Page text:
With the flight to safety on, the greenback is strengthening. The dollar index has firmed to 79.453. That’s largely because the euro’s getting beaten up: It’s down to $1.313.
But the risk-off trade isn’t the only factor here: In the French elections, the right wing showed it’ll be a force to be reckoned with whoever wins the presidency. And the coalition government in the fiscally stout Netherlands appears to be falling apart.
“Whenever the markets have questions about leadership,” says EverBank’s Chuck Butler, “or the markets don’t know what the leadership of a country will be, they punish the currency.”
The yen, meanwhile, stands at 81.099. “The yen has had a very strong run-up,” says our market-sentiment maven Abe Cofnas. “Lately, it has retreated and strengthened. There has been great uncertainty about the Bank of Japan easing more. The result is a bit of hesitation. In trading, as in hunting, hesitation represents opportunity.”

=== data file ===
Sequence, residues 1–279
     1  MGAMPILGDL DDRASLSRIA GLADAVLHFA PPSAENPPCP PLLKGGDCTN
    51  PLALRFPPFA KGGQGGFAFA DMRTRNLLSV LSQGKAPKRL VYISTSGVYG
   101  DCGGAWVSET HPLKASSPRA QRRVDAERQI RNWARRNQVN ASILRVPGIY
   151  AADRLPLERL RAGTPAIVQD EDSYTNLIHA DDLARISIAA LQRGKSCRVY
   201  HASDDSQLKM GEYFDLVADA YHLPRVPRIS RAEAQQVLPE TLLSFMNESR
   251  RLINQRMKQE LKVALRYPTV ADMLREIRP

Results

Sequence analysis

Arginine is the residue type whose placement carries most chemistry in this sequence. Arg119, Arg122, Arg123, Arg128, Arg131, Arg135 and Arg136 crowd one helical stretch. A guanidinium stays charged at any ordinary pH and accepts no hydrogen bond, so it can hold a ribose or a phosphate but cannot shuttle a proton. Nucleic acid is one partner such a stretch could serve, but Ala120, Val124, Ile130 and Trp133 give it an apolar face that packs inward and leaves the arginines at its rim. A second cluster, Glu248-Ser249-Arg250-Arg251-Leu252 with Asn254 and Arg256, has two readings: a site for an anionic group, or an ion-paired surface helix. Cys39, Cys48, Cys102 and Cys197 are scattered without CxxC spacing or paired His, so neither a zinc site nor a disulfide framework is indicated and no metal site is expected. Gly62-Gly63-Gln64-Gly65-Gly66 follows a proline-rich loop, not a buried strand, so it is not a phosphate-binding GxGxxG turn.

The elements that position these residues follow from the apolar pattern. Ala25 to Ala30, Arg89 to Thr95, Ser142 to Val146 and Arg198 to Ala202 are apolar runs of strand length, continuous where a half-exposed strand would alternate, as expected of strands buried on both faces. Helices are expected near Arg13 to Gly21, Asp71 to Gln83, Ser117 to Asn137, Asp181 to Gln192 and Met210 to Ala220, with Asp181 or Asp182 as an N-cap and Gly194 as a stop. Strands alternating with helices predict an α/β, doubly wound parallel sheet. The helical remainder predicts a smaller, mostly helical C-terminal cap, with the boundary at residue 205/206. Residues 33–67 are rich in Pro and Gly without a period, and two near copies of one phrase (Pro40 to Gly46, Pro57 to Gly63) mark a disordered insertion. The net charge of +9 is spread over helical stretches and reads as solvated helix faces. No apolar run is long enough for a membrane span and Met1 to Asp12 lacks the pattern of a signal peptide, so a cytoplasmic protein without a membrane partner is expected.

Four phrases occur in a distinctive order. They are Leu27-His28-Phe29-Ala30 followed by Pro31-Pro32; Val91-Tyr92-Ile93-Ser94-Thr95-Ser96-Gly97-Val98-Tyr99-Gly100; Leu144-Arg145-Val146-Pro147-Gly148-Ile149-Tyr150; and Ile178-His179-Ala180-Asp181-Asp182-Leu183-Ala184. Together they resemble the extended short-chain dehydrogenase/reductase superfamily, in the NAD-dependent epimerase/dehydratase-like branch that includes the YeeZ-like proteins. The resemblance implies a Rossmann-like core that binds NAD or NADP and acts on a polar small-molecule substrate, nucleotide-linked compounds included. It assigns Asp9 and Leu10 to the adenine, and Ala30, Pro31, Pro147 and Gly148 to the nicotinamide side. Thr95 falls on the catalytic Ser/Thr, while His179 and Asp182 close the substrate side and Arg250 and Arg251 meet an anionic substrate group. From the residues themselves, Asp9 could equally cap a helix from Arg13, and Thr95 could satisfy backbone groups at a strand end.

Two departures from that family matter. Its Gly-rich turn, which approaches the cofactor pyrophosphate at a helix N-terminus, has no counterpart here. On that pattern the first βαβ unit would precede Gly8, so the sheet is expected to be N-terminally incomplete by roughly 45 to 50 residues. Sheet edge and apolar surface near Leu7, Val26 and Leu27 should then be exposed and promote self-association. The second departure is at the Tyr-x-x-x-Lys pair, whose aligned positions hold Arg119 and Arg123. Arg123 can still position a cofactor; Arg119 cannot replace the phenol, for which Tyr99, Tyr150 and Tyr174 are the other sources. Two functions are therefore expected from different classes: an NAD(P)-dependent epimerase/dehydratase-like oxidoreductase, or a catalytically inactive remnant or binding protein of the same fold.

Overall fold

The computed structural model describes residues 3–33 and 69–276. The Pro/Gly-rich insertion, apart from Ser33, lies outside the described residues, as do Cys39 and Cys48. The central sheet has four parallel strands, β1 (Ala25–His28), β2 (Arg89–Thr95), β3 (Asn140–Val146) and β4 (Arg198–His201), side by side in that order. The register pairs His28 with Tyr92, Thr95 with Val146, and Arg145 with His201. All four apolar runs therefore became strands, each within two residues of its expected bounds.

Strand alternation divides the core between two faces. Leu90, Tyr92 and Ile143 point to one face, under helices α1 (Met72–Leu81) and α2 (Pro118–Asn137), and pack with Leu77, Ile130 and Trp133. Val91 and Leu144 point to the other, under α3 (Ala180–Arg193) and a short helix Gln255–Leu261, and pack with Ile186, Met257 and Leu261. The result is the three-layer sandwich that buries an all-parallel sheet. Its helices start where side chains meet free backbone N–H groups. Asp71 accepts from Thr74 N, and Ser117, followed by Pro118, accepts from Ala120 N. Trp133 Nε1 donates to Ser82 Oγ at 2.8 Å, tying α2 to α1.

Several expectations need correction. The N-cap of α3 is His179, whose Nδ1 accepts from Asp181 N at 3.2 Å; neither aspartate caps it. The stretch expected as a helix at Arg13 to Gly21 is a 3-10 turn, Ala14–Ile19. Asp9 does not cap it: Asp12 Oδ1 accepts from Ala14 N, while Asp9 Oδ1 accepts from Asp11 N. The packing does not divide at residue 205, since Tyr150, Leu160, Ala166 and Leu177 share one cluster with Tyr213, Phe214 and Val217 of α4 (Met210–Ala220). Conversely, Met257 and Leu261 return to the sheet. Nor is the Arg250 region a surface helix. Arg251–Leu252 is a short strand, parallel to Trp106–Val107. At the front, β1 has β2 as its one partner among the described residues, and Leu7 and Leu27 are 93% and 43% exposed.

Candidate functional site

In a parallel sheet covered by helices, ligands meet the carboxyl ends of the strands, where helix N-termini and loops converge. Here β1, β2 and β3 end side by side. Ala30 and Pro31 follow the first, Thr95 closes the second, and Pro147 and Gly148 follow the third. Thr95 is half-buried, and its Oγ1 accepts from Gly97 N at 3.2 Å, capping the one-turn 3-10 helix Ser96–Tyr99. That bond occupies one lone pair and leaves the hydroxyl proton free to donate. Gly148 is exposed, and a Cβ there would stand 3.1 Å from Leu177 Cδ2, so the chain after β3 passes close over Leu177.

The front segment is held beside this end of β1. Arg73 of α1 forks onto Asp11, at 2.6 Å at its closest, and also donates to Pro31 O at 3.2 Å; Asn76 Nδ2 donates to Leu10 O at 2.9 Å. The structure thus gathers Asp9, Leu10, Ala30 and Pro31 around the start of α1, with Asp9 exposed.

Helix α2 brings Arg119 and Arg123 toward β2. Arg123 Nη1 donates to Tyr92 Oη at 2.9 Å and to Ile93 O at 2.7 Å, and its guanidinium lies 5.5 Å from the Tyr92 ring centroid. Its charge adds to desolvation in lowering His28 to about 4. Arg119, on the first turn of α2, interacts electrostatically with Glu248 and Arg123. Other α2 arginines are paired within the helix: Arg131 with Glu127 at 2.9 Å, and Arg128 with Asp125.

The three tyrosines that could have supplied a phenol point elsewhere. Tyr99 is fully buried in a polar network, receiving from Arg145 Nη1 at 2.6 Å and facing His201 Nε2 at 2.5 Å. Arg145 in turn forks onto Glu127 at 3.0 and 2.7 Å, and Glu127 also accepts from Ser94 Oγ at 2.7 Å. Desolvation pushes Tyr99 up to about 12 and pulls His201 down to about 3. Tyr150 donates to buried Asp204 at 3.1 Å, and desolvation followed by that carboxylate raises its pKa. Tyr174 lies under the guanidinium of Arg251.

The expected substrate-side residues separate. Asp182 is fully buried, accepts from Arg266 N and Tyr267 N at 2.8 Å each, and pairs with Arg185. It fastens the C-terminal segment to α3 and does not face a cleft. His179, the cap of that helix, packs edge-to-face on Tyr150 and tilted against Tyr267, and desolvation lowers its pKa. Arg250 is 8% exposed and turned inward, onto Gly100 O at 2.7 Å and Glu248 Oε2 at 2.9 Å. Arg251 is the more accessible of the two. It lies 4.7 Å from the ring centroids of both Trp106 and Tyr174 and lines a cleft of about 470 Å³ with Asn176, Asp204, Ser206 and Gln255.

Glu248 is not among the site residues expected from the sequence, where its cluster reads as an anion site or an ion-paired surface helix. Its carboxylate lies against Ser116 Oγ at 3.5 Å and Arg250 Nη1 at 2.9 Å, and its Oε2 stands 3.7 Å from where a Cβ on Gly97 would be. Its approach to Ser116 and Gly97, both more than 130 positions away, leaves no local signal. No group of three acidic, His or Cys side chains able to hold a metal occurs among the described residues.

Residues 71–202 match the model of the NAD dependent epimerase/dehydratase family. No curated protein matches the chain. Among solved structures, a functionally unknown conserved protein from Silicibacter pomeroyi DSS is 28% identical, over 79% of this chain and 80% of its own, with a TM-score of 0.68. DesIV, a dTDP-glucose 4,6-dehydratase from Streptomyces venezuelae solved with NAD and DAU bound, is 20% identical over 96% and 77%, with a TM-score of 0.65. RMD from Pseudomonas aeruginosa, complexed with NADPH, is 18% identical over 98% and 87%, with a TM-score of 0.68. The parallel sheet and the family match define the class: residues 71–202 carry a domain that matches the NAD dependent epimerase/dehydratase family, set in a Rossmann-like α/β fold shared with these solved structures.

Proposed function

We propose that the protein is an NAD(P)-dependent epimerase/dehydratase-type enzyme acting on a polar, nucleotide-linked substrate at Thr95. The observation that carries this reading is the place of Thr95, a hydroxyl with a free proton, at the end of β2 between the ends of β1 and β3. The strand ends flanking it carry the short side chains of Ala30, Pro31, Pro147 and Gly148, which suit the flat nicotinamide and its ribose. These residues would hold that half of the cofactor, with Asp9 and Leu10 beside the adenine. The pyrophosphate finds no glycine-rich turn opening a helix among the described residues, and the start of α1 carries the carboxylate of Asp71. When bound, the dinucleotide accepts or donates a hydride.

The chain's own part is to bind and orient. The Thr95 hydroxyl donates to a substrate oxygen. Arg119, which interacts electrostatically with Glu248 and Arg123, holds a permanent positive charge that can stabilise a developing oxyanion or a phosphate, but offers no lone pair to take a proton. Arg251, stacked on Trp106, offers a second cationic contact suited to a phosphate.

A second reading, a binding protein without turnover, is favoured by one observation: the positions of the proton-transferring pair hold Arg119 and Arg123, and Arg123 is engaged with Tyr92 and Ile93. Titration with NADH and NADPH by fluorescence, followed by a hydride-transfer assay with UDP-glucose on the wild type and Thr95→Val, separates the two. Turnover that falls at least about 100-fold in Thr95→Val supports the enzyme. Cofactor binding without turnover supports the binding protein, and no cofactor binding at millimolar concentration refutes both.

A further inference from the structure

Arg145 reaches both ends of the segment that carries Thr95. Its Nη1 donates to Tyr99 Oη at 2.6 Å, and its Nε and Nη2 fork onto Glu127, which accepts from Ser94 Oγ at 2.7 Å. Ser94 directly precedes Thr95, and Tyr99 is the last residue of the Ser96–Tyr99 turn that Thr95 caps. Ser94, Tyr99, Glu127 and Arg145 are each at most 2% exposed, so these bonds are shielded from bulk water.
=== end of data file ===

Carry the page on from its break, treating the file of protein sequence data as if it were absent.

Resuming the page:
Thus, this week’s mock trade: Abe’s counting on the yen staying in a range between 79.75 and 82.75 by the end of the week.
This two-part trade has the potential to deliver gains of 6.9% and 10.4% by Friday. “We can’t be wrong on both,” he says, “so there is built-in reduction of risk.”
Last week was outstanding for Abe’s readers who play his trades for real: Every recommendation was a winner: the smallest 9%, the biggest 24%. And the outcome always plays out in four days or less. Watch this space for when we re-open Fear & Greed Trader to new readers.
“Nothing could be further from the truth,” says Ray Blanco in response to fretting that manned space flight has no future after the space shuttle Discovery was hauled to the Smithsonian last week.